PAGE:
Major record labels Warner Music, UMG, Sony and Capitol Records on Thursday followed Hollywood studios in filing a copyright infringement suit against Megaupload, accusing the site of fostering and even promoting access to pirated music.
In the suit, the labels say that Megaupload "played an active role in ensuring that it had the most popular content on its servers, that the URL links to those infringing content files were widely disseminated on the Internet, and that the links were advertised and promoted by pirate linking sites."
The record labels are seeking unspecified damages, whether that be actual damages and Megaupload's profits, or statutory damages, the maximum of which is $175,000 per case of infringement.
Also named in the suit are Megaupload founder Kim Dotcom, Mathias Ortmann and Bram van der Kolk. They are facing charges of federal criminal copyright infringement after the Department of Justice issued an indictment in January, 2012. That case has been mired in proceedings to extradite Dotcom from New Zealand, where he has defended his site and even appeared on "60 Minutes" in December.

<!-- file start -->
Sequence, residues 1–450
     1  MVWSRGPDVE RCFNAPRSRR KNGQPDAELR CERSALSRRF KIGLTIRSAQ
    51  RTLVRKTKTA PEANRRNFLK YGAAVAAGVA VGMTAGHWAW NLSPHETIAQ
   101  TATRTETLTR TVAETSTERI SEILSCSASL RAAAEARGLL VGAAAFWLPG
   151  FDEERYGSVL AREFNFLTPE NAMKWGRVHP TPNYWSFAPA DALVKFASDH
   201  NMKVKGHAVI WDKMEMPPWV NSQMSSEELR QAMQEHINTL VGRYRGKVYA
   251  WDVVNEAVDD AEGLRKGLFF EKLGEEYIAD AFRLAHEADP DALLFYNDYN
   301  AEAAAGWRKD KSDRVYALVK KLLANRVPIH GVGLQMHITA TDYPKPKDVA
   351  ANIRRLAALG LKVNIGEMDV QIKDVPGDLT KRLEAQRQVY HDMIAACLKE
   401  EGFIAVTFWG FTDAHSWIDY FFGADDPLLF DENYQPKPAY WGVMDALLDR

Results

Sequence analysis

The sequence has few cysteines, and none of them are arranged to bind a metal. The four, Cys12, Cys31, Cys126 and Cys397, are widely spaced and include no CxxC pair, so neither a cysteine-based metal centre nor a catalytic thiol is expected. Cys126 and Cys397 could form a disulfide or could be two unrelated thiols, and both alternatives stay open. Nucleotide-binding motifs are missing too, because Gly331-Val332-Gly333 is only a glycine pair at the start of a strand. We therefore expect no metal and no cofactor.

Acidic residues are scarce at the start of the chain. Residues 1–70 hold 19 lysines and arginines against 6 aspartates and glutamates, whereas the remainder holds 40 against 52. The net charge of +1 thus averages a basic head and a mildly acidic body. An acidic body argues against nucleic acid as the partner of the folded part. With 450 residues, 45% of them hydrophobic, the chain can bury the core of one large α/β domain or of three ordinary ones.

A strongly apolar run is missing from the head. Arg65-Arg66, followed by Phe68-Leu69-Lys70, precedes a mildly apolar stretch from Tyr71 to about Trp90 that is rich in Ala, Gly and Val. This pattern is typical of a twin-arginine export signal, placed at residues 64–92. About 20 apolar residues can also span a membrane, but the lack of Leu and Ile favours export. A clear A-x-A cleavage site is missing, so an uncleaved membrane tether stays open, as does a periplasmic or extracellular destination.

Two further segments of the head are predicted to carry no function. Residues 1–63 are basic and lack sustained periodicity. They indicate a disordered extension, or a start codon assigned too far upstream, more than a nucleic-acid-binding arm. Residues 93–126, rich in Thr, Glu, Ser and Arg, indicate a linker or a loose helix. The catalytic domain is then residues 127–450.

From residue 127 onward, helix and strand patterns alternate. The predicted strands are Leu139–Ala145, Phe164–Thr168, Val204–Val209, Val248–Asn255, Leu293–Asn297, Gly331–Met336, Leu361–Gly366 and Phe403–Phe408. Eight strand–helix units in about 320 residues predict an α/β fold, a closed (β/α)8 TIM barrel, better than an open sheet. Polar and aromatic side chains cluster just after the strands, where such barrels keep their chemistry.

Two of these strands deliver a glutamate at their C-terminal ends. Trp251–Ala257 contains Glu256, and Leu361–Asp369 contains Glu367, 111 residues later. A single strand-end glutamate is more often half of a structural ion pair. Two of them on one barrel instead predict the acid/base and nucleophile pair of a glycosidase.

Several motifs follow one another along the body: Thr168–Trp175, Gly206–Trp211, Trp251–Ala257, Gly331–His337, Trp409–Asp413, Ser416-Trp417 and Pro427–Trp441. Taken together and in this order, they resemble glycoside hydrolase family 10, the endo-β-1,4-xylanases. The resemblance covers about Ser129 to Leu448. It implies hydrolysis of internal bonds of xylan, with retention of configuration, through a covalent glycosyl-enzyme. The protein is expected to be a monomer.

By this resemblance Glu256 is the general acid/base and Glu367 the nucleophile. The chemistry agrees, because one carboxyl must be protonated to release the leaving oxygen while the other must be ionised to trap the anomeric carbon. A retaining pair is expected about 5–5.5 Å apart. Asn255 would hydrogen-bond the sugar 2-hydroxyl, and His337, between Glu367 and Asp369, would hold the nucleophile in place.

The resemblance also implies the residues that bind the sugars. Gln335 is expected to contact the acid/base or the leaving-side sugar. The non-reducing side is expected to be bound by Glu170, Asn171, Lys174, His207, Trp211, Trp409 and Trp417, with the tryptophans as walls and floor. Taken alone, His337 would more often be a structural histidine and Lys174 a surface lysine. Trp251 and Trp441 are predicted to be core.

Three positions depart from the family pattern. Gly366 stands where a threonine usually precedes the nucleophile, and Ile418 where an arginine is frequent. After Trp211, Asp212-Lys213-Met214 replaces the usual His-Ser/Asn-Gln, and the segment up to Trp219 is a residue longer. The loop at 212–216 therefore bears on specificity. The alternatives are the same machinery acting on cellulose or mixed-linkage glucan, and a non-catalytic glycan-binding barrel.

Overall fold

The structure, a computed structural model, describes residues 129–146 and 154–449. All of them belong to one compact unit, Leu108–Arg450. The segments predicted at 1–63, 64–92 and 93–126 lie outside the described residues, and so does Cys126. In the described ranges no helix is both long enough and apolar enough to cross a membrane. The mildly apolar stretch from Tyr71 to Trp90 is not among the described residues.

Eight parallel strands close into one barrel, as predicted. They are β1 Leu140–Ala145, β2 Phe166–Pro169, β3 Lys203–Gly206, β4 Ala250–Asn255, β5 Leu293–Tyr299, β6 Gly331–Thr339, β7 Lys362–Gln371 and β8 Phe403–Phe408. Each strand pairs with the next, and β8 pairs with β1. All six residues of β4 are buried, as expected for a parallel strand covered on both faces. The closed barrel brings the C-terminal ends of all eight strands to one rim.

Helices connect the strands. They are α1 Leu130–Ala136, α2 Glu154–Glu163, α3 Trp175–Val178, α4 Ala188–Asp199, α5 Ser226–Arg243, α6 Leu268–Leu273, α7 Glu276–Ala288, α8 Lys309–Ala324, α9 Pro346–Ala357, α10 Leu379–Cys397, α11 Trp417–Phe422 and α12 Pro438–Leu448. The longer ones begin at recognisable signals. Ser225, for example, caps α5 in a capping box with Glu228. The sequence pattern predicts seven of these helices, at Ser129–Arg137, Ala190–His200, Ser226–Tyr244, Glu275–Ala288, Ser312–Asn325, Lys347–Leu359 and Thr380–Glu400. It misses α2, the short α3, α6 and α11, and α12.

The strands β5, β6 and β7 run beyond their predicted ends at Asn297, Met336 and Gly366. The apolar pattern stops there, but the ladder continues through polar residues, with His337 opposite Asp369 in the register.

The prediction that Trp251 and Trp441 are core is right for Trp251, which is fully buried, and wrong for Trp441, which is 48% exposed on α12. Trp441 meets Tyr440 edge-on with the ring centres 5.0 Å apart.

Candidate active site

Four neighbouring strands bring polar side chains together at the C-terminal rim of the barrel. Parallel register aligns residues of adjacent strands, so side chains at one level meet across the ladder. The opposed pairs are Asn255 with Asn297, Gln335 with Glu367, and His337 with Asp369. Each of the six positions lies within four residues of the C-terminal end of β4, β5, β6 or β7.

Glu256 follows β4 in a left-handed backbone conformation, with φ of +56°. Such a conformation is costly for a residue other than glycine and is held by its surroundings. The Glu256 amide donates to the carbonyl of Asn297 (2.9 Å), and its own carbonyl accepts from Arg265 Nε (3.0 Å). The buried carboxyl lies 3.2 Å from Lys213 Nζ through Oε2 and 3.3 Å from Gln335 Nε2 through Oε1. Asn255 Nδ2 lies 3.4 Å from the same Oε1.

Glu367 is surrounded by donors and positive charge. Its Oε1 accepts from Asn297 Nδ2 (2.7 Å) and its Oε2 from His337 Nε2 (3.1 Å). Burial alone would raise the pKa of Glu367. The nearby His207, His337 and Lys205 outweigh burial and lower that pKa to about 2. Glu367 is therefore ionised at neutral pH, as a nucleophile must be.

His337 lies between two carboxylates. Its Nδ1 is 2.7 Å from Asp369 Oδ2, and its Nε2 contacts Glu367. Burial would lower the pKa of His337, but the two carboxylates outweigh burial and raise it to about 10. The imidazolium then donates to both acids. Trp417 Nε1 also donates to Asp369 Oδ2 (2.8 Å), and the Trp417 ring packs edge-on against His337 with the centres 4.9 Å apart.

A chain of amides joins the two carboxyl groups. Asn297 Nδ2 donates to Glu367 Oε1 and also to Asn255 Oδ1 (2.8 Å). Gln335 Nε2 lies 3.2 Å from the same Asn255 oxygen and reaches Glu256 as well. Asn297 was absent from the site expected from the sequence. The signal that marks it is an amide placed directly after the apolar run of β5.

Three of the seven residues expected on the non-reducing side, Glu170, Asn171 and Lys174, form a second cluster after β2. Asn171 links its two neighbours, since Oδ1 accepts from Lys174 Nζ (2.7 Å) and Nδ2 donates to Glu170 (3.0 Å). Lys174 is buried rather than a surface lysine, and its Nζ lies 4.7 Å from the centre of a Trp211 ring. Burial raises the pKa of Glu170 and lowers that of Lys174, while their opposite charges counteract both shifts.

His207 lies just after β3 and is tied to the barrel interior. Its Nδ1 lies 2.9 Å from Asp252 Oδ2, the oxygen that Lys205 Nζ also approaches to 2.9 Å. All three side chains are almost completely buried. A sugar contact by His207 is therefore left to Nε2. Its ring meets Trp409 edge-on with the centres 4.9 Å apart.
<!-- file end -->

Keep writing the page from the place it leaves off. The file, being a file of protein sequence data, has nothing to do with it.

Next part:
The record labels' suit, filed via the Recording Industry Assn. of America, follows the filing of a copyright infringement suit earlier this week by the six major studios.
Attorney Ira Rothken, representing Megaupload, said that "the RIAA, the MPAA and DOJ are like three blind mice, following each other in pursuit of meritless copyright claims.
"The case against Megaupload is in reality an assault on cloud storage generally, as the company used copyright neutral technology," he said. "We strongly believe that like YouTube, once the court can hear all the facts and analyze the law, Megaupload and the other defendants will prevail."
U.S. law enforcement officials shut down the piracy site in January 2012, but six major movies studios are seeking to collect $175 million, alleging that its principals earned that amount by illegally sharing copyrighted works.